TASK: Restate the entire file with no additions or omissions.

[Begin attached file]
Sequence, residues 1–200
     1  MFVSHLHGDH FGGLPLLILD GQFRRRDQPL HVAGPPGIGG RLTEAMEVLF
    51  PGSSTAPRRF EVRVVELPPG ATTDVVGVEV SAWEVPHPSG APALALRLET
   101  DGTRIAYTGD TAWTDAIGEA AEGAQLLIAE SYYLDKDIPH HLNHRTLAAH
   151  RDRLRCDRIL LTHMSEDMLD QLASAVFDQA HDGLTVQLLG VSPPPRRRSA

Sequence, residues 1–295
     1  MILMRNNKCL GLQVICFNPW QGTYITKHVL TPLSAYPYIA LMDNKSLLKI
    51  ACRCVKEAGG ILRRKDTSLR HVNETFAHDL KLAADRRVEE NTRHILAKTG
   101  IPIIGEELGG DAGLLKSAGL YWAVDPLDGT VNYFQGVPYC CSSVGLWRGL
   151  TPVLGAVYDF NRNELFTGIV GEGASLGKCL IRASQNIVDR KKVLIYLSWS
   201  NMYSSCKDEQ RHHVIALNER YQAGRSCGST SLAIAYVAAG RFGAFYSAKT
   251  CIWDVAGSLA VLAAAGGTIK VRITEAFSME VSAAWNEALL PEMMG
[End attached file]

Sequence, residues 1–200
     1  MFVSHLHGDH FGGLPLLILD GQFRRRDQPL HVAGPPGIGG RLTEAMEVLF
    51  PGSSTAPRRF EVRVVELPPG ATTDVVGVEV SAWEVPHPSG APALALRLET
   101  DGTRIAYTGD TAWTDAIGEA AEGAQLLIAE SYYLDKDIPH HLNHRTLAAH
   151  RDRLRCDRIL LTHMSEDMLD QLASAVFDQA HDGLTVQLLG VSPPPRRRSA

Sequence, residues 1–295
     1  MILMRNNKCL GLQVICFNPW QGTYITKHVL TPLSAYPYIA LMDNKSLLKI
    51  ACRCVKEAGG ILRRKDTSLR HVNETFAHDL KLAADRRVEE NTRHILAKTG
   101  IPIIGEELGG DAGLLKSAGL YWAVDPLDGT VNYFQGVPYC CSSVGLWRGL
   151  TPVLGAVYDF NRNELFTGIV GEGASLGKCL IRASQNIVDR KKVLIYLSWS
   201  NMYSSCKDEQ RHHVIALNER YQAGRSCGST SLAIAYVAAG RFGAFYSAKT
   251  CIWDVAGSLA VLAAAGGTIK VRITEAFSME VSAAWNEALL PEMMG